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  • Commission Pay in Texas

    We are a medical billing company in Texas, and we are considering moving some employees to a commission based pay, due to severe nonperformance while on hourly pay. The employees are not sales staff, but the commission would be based on insurance approvals, obtained through phone calls. Are these employees legally eligible for commission based pay? Does the minimum wage requirement still apply if their commission does not meet minimum wage? Are the employees eligible for unemployment if/when the conversion to commission reduces their pay? If they quit, would they be eligible for unemployment due to the pay change?

  • #2
    You can set up any compensation plan you want, but the employees still must average at least minimum wage for all hours worked in the workweek. If the "commissions" do not bring the employee to that level, you must make up the difference.

    I do not know Texas' stance on partial benefits for pay reductions; in my state (which is not Texas), if the worker is working 40 hours per week, partial benefits are not payable, even if the pay is less than it was before.

    If they quit, they will have an uphill battle getting unemployment benefits. The state would rather have the worker having some income than none at all.

    I wonder why you would just not let the nonperforming employees go. Such a pay reduction doesn't normally result in improved performance.
    I don't respond to Private Messages unless the moderator specifically refers you to me for that purpose. Thank you.

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    • #3
      Agreed with Patty.

      It is very hard to legally not pay employees at least minimum wage. Pretty much the only good exception is the Outside Sales exception, which does not include phone sales. This is very black letter law, meaning any possible argument has been tried, and lost. A lot of employers trying to claim that phone sells were not subject to MW have lost big time in very publicized court cases in recent years. Many of them were mortgage industry or financial industry, including some very deep pocket employers that everyone who has heard off, that were also TARP recipients. If you want to qualify for Outside Sales, make your employees go knock on customer's doors.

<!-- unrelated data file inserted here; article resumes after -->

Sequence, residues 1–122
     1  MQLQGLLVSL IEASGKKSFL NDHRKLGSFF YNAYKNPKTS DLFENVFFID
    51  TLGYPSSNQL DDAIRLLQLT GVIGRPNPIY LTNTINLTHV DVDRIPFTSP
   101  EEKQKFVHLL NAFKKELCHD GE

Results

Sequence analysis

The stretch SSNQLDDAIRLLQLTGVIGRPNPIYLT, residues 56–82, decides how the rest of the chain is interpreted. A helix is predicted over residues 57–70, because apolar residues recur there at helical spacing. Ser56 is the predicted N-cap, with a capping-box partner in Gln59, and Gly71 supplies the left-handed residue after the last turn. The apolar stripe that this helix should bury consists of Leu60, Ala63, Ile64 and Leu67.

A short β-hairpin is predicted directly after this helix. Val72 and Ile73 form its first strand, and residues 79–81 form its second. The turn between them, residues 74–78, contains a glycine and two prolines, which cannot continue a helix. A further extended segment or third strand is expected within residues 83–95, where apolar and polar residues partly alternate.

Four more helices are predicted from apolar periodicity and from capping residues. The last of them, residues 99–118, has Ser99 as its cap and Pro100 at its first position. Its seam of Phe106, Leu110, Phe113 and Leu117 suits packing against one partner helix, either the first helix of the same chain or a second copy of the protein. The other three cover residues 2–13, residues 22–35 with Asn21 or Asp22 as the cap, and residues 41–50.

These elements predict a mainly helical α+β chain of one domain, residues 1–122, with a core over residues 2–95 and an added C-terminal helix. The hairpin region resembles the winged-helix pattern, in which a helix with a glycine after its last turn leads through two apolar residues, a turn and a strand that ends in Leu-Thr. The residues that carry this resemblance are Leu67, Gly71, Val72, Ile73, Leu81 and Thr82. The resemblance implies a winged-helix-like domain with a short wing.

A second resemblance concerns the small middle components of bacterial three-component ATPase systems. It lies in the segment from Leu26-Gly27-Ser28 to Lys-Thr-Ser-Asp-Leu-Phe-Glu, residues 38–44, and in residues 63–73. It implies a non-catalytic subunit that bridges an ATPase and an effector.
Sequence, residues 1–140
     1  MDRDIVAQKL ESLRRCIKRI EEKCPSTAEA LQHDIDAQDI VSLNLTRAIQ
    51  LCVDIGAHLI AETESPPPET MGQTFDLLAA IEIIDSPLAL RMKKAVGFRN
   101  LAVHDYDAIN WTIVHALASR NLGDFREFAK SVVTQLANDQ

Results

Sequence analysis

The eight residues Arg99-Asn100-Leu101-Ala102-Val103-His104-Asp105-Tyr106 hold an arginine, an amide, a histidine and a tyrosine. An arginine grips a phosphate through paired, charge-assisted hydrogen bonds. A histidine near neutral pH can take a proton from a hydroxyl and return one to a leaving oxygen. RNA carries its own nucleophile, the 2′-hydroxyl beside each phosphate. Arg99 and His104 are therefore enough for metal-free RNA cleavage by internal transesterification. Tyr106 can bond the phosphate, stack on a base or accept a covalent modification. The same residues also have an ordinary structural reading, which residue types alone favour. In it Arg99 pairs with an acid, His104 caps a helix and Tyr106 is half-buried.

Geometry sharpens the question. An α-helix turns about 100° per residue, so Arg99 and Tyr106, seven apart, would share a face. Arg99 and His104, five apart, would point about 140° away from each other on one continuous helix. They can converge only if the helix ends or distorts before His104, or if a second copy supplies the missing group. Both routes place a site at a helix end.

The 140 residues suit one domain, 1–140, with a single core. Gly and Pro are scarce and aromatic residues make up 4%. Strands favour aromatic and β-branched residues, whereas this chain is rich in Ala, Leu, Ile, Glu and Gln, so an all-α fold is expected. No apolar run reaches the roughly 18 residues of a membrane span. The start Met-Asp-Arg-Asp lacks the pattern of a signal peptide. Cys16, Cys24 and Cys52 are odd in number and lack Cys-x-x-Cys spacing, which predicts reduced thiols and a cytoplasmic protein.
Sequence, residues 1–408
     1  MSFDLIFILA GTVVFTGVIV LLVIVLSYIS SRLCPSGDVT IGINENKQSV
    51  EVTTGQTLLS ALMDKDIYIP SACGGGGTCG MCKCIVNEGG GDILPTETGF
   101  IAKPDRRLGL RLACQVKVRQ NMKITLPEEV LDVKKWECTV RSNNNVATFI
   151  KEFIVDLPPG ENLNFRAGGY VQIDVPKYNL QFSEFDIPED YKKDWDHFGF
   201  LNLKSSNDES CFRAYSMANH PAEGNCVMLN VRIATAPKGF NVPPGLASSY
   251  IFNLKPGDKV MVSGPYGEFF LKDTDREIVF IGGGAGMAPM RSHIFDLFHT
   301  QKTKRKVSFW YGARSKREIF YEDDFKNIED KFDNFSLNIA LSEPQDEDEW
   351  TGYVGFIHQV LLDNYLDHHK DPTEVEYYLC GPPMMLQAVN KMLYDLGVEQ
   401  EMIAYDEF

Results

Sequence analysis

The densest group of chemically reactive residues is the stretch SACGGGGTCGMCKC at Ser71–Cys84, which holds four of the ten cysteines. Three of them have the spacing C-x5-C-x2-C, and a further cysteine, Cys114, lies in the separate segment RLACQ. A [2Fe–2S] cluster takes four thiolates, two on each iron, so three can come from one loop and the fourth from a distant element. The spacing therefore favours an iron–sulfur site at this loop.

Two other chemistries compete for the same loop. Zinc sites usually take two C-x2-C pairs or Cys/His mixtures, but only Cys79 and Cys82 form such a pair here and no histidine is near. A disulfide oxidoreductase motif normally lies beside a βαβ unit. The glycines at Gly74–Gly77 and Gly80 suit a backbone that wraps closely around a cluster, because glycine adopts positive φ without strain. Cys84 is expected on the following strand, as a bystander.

If the employees are smart, they will not quit, but rather file for UI while still working. It works, or it does not, but the state will not penalize the employee.

      If the employees are not worth MW, let them go. Trying to play UI games is not worth keeping non-productive employees aboard. And employers trying to force employees to quit could by itself qualify the employees for UI. States do not like employees who quit, but they also do not like employers who try to make the employees quit.
      "Reality is that which, when you stop believing in it, doesn't go away".
      Philip K. **** (1928-1982)

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      • #4
        Our owner does not want to fire the employees because we have been burned by unemployment in the past. We had an employee who walked out be awarded unemployment benefits. Thanks very much for the fast response, I was pretty sure we would have to still pay minimum wage, but needed verification. Is there any way you could please provide references?

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        • #5
          http://www.dol.gov/whd/minimumwage.htm
          "Reality is that which, when you stop believing in it, doesn't go away".
          Philip K. **** (1928-1982)

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          • #6
            Thanks VERY much!

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            • #7
              That's a bad reason

              Originally posted by JBell View Post
              Our owner does not want to fire the employees because we have been burned by unemployment in the past.
              Would your owner rather keep his experience rate low and have one (or more) disgruntled employees with the keys to the plant and able to sabotage business operations? How much does your owner think his experience rate factor will increase?

              Once, while an operations manager, I needed to terminate a production supervisor. My HR department (out of state) wanted to hold out for demoting him to a worker position. Yeah, I really needed someone who knew more about the production processes than I did thoroughly pissed off and coming to work every day! Fortunately for me, my VP listened to me.

              If you have a non-performing employee at $20 per hour, they will not perform better at $10 per hour, I guarantee.
              Last edited by Texas709; 01-14-2011, 06:40 AM.

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